Archive

August 20th, 2016

Free speech has been very good to Donald Trump

    If only those First Amendment people could do something about Donald Trump. His latest attack on their sacred cow is the assertion that "It is not 'freedom of the press' when newspapers and others are allowed to say and write whatever they want even if it is completely false!"

    That's wrong as a matter of constitutional law. But it's not crazy. In fact, the U.S. Supreme Court has recently accorded a high degree of protection to falsehoods. And the kinds of justices that the Republican presidential nominee might appoint could well reverse it.

    The landmark case for the constitutional protection of lies and the lying liars who tell them was decided in 2012. It involved a prosecution under the Stolen Valor Act, a federal statute that made it a crime to say you have military medals you never earned -- and bigger crime to claim falsely to have received the Medal of Honor.

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Facebook may soon have more power over elections than the FEC. Are we ready?

    For political advertising, like so much else, the digital revolution inspires both utopian and apocalyptic predictions. And as in many other arenas where Internet-based "disruption" looms, the optimists and pessimists both have a point.

    For those of us who study campaign and election regulation, however, new technology poses a serious challenge to the existing ways of thinking about and addressing the campaign finance problem. Government regulation becomes increasingly difficult once communication moves online, thus, large Internet platforms such as Google, Facebook and Twitter will become the primary regulators of political campaigns. They need to recognize their new role and use their power responsibly.

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Democrats seem tepid about the public option

    Hillary Clinton supports adding a public option to the Affordable Care Act -- that is, a government-run insurance program to compete with private health insurance. She announced her support in July, and the public option was the only specific change to Obamacare that she mentioned in her economics speech last week.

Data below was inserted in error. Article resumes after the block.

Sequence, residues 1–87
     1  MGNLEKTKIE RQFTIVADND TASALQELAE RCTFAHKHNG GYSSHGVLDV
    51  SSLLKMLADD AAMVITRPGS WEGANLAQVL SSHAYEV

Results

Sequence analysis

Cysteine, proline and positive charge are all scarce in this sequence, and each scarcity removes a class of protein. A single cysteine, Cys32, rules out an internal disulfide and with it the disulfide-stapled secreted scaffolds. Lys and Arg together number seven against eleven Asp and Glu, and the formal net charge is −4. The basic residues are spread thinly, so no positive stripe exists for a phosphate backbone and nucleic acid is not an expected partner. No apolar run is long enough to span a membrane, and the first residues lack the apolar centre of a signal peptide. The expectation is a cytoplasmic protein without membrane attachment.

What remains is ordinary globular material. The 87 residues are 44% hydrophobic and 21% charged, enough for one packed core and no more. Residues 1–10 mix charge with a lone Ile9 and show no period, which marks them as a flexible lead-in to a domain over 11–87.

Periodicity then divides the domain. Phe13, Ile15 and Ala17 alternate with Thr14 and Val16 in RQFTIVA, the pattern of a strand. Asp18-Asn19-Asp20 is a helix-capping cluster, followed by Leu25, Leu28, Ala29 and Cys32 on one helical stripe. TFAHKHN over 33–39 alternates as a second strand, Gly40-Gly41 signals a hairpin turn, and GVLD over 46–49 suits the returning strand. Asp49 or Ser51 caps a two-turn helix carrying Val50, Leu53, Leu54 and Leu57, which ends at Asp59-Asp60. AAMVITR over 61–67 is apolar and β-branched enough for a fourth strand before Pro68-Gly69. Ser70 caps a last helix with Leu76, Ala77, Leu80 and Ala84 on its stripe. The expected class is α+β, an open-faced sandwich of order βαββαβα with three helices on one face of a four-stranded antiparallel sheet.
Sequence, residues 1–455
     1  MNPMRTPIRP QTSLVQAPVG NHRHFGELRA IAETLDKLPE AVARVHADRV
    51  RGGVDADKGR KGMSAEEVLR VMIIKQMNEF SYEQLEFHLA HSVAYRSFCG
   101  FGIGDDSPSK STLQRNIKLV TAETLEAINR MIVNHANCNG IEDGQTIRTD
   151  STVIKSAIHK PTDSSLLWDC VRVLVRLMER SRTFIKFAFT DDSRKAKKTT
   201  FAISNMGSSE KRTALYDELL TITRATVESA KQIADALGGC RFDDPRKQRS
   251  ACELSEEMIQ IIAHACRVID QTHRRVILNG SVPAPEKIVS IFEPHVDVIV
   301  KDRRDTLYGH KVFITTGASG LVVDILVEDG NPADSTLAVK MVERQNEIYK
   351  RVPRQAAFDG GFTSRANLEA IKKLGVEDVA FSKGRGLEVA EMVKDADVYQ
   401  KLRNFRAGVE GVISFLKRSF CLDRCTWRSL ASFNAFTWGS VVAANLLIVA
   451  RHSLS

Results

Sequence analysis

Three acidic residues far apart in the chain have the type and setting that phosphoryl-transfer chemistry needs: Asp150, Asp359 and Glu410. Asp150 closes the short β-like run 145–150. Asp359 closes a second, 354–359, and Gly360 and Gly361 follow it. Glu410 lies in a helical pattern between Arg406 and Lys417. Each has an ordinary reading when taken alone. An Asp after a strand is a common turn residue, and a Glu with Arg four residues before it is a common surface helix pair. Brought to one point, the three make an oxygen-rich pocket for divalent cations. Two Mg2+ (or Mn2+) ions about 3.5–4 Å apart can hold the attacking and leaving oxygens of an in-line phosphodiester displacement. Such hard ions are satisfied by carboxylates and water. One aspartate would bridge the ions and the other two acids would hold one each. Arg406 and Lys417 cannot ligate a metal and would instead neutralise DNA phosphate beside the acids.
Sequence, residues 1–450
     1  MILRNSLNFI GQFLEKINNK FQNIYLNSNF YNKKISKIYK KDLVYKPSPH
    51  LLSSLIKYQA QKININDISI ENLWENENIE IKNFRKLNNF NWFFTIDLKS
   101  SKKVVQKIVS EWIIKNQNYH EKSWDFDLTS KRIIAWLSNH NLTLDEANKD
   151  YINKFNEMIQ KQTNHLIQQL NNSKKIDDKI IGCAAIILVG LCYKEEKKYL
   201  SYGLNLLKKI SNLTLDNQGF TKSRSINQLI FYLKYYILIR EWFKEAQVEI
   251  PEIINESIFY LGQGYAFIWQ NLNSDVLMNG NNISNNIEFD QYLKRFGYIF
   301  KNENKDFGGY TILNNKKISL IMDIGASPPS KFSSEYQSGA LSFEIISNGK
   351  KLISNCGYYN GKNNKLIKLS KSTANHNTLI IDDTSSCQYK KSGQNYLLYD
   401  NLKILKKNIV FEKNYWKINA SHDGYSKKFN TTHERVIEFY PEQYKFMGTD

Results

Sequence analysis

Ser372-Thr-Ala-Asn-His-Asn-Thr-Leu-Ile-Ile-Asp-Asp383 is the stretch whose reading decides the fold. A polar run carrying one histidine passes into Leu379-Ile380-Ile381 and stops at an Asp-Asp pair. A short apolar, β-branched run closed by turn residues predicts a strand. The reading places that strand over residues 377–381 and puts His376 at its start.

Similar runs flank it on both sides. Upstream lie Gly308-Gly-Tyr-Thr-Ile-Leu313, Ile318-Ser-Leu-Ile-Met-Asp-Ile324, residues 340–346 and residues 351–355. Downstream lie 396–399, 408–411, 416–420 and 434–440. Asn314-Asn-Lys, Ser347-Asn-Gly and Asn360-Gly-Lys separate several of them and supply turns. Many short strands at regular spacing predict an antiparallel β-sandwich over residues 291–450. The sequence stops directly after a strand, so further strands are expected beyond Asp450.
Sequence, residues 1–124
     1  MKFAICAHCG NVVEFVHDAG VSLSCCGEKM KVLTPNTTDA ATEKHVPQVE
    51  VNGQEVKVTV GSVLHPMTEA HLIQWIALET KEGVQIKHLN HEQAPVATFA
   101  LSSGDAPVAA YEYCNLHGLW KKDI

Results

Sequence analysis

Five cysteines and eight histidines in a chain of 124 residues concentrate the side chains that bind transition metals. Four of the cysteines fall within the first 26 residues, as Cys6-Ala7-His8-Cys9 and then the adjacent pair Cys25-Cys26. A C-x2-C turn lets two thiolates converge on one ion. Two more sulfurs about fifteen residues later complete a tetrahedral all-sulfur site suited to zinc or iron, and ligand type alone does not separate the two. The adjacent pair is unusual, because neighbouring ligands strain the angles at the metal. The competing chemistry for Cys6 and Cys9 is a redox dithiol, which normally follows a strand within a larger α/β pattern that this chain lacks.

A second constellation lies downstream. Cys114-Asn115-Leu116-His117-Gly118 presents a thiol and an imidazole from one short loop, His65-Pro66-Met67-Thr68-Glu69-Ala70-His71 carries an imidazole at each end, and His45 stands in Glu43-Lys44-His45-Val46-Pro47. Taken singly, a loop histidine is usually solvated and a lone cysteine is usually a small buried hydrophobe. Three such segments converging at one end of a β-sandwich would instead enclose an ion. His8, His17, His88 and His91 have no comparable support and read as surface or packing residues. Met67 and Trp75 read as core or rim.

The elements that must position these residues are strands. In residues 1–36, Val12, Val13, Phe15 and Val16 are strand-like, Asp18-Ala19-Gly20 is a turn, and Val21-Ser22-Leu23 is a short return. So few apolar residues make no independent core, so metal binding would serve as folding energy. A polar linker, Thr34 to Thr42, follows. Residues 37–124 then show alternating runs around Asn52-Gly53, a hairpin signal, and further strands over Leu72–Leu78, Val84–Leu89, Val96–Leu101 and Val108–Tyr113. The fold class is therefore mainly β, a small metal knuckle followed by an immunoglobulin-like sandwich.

This position makes a lot of practical sense, as the New Republic's Brian Beutler has been pointing out. The Congressional Budget Office has scored a public option as deficit-reducing, which means Democrats wouldn't have to raise taxes or cut spending to pay for it. A public option has also polled well. For example, back in December 2009 a CBS News/New York Times survey found 59 percent favored including a public option in Obamacare, with only 29 percent opposed.

    It was a big disappointment to liberals during the 2009-2010 legislative fight over the ACA when the public option disappeared from the bill. So it would seem to be a logical next step for liberal politicians seeking to improve Obamacare.

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Clinton is getting away with policy malpractice

    Hillary Clinton has given another fine speech about the economy. It was supposed to lay out her plans to create jobs, boost growth and restore income equality, in response to Donald Trump's economic address a few days earlier. Clinton's only new idea, however, was an expansion to an existing child tax credit. Beyond that, there wasn't anything in her latest speech that couldn't be gleaned from her website.

    It was a missed opportunity. Maybe she feels she doesn't have to do more -- that all she has to do is stay on-message and remind voters she's not Donald Trump.

    But with only 12 weeks before Election Day, voters still don't know which of Clinton's hundreds of proposals are her top priorities, or how she'd get Congress' support for ideas both parties have rejected before.

    Clinton's strategy is to mock Trump's proposals with clever ripostes. His 15 percent tax on pass-through business income is now the "Trump Loophole." But rarely is she forced to defend her own ideas on a level playing field.

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Brazil’s Uplifting Olympics

    When I was a correspondent in Brazil 30 years ago inflation was rampant. It ran at an average of 707.4 percent a year from 1985 to 1989. The salaries of the poor were wiped out within hours of being paid. The country went through three currencies — cruzeiro, cruzado and cruzado novo — while I lived in Rio. The only way out for Brazilians, people joked, was Galeão, the international airport.

    Antônio Carlos (“Tom”) Jobim, composer of “The Girl from Ipanema” (whose name is now affixed to that airport), famously observed that, “Brazil is not for beginners.” It was not then and it’s not now.

    It’s a vast diverse country, a tropical United States, whose rich and poor are divided by a chasm. High crime rates are in part a reflection of this divide. Flexibility is at a premium in a culture fashioned by heat, sensuality, samba and rule bending. Life can be cheap. You adapt or you perish.

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All of a sudden, economists are getting real jobs

    John Maynard Keynes wrote in 1930 that "if economists could manage to get themselves thought of as humble, competent people on a level with dentists, that would be splendid." Almost a century later, he's getting his wish.